An unexpected opportunity has recently taken me to the archipelagic waters near the Malaysian city of Tawau in the Celebes Sea. Near the port of Semporna, the islands of Mabul, Kapalai and Sipadan are set amongst reefs of rich biodiversity, offering a range of breathtaking underwater landscapes.
The area, where the EEZs of Borneo, Malaysia and the Philippines converge, is a dream destination for scuba divers, keen to explore the warm waters, varied life and lively dynamics of the reefs.
The reefs and their inhabitants are vulnerable to human activities and their balance is delicate. A stark reminder of this fact are the names that had originally been given to some of the diving sites by the pioneers of the once nascent diving industry here, such as Stingray City, Lobster Wall or Eel Valley. Yet, these sites no longer harbour the creatures that named them.
Whilst there are many factors that can affect marine biodiversity, some of the causes that are operative in this region became apparent as soon as my first immersion took place. Hard and soft plastics, which litter beaches and the sea surface in much of the region, were also present with alarming regularity on the reefs, sometimes alongside discarded fishing gear.
My elation at seeing a hawksbill turtle foraging soon turned to concern when I discovered a plastic glove resting by soft coral less than half a metre away from the animal. Though I rushed to pick it up and secure it to my wetsuit, I wondered how long it would be before the turtle encountered another piece.
Devoid of infrastructures, people in Semporna and the Celebes islands frequently discard plastic bottles and bags into the sea, and large hills of plastic debris can be seen slowly creeping into the ocean.
A less obvious, if even more insidious consequence of leaving plastics in the sea is that they break down into very small microscopic pieces, ending up being consumed by plankton and other creatures, becoming embedded in the ocean’s trophic chains and in fish that can make its way to human plates.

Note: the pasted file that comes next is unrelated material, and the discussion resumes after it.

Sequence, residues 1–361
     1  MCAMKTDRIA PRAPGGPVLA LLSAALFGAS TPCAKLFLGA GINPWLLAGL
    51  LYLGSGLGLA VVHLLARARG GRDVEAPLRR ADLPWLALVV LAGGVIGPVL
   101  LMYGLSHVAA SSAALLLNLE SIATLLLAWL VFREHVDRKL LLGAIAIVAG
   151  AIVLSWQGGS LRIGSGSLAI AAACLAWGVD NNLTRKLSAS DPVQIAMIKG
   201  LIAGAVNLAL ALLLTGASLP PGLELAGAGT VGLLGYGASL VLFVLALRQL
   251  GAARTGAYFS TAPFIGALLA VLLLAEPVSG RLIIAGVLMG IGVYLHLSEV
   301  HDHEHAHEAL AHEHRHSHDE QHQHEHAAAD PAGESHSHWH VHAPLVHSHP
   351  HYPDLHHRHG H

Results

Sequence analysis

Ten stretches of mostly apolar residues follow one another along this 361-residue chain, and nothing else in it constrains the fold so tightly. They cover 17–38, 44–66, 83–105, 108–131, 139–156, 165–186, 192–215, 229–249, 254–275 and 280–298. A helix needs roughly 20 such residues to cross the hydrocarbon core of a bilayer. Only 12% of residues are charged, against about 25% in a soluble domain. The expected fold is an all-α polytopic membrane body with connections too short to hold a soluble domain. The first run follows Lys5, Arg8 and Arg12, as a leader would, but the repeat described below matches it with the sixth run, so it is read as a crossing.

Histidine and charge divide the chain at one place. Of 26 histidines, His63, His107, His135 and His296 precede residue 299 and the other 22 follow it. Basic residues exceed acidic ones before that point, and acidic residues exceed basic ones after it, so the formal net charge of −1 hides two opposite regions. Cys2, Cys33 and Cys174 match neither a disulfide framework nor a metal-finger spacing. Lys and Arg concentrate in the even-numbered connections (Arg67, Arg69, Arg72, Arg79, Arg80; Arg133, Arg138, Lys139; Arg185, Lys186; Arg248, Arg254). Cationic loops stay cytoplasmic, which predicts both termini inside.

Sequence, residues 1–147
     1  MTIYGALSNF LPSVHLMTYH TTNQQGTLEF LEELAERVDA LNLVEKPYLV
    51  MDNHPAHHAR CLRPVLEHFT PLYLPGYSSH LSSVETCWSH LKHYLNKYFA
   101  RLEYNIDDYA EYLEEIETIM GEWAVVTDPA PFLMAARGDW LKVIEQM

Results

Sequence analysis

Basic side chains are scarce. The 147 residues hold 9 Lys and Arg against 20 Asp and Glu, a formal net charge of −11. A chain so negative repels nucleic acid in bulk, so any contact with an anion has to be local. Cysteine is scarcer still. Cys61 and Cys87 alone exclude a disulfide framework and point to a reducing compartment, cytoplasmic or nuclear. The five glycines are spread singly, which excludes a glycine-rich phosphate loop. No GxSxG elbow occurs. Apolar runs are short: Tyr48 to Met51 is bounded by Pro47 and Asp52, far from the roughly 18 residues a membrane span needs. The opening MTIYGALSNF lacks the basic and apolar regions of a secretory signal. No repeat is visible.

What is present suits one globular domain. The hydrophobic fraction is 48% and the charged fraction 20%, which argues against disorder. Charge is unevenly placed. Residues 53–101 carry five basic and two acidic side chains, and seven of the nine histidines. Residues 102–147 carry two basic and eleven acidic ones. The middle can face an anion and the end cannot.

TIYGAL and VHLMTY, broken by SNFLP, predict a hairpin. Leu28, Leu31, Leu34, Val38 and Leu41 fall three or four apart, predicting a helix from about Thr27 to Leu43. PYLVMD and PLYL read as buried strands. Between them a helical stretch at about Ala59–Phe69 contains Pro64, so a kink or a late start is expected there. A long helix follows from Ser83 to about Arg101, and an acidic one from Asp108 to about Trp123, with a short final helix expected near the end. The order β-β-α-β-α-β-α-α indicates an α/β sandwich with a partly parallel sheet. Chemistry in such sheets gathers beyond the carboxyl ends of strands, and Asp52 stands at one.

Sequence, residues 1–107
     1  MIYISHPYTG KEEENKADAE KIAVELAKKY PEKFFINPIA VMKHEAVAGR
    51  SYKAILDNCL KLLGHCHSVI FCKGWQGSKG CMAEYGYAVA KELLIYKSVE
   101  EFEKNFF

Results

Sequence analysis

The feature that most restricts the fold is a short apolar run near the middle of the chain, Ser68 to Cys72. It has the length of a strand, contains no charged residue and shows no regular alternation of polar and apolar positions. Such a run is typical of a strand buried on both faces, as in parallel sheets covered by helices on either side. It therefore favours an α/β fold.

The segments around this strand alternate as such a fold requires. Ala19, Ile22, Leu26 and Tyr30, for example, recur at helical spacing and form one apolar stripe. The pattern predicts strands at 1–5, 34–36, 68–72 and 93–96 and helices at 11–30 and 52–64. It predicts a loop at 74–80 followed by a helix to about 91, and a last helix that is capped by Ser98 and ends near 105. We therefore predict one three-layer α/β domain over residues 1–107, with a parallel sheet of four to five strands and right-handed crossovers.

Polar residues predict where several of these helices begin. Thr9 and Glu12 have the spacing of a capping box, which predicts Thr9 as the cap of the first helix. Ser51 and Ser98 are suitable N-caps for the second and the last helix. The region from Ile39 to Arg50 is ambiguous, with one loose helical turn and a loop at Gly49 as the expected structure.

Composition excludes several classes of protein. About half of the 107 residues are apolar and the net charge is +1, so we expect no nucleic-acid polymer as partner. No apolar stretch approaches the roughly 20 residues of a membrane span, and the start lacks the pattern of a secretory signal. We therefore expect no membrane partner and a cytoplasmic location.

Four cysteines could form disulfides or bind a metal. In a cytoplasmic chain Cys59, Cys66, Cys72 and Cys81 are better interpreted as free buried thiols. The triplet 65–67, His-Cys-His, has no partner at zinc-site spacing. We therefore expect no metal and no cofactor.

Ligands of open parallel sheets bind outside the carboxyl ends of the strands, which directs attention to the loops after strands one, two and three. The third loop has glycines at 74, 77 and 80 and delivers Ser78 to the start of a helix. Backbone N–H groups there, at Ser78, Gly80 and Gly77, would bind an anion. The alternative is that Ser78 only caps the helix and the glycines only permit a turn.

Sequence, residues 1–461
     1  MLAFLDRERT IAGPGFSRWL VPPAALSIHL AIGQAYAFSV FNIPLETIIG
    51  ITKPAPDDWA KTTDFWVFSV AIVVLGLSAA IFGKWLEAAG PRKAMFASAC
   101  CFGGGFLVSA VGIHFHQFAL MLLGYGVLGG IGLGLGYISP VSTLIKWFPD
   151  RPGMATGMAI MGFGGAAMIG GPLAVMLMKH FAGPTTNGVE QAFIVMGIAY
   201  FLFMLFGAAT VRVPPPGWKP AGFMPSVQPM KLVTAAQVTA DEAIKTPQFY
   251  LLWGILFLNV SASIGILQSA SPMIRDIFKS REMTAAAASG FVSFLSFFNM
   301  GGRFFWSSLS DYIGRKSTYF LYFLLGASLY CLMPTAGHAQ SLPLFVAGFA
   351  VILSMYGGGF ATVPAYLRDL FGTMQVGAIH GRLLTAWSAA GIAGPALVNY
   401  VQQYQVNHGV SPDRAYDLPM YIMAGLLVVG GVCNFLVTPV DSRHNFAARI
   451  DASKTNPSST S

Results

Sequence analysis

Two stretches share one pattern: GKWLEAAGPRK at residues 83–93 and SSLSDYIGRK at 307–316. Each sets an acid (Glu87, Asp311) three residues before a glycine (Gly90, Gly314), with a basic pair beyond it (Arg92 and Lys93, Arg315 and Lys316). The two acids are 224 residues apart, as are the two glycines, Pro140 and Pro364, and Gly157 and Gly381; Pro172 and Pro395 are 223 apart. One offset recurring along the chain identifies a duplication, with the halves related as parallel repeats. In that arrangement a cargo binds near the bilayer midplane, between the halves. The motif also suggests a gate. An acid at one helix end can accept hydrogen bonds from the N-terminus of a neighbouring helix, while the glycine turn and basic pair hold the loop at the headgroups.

Despite the conservation slant of some of the diving operators, efforts can hardly dent the problem in the face of systemic failures of infrastructure, education and willingness.
Additionally, but perhaps saddest of all, every one of my dives was regularly marred by the startling underwater boom of repeated dynamite fishing. The sight of two large dead green turtles, one with its shell cracked open, and countless dead and dying fish was a desperate reminder of the devastation that dynamite fishing inflicts on the marine environment. Under the surface of the sea, the ruined reef can no longer harbour any life, becoming barren.
Whilst locals to Mabul informally confided that artisanal fishers from the Philippines regularly dynamite reefs in the archipelago, it also transpired that the borders between the three countries are frequently breached by unauthorised fishermen of any of the three nations.
The extremely destructive and wasteful practice of dynamite fishing is forbidden by the United Nations’ 1995 Fish Stocks Agreement. All State parties to this treaty are obliged to treat dynamite fishing as a very serious offence, and to seek its eradication whether it is engaged in by national vessels anywhere in the world, or by foreign vessels in the State’s jurisdictional waters. Philippines, a party to the agreement since 2014, has an international responsibility to eradicate the practice from its own waters, as well as those of its neighbours where its own vessels are involved.
Philippines was officially warned by the European Commission in respect of uncontrolled illegal fishing practices but such warning was withdrawn in April 2015.
Yet, in this region at least, dynamite fishing continues to be rampant and, what is worse, expected.
The beauty and richness of the reefs and the marine life they harbour certainly shines through. With so many threats, however, I wonder for how long.
Mercedes Rosello, 2015.
1995 UN Fish Stocks Agreement, available on: http://www.un.org/depts/los/convention_agreements/convention_overview_fish_stocks.htm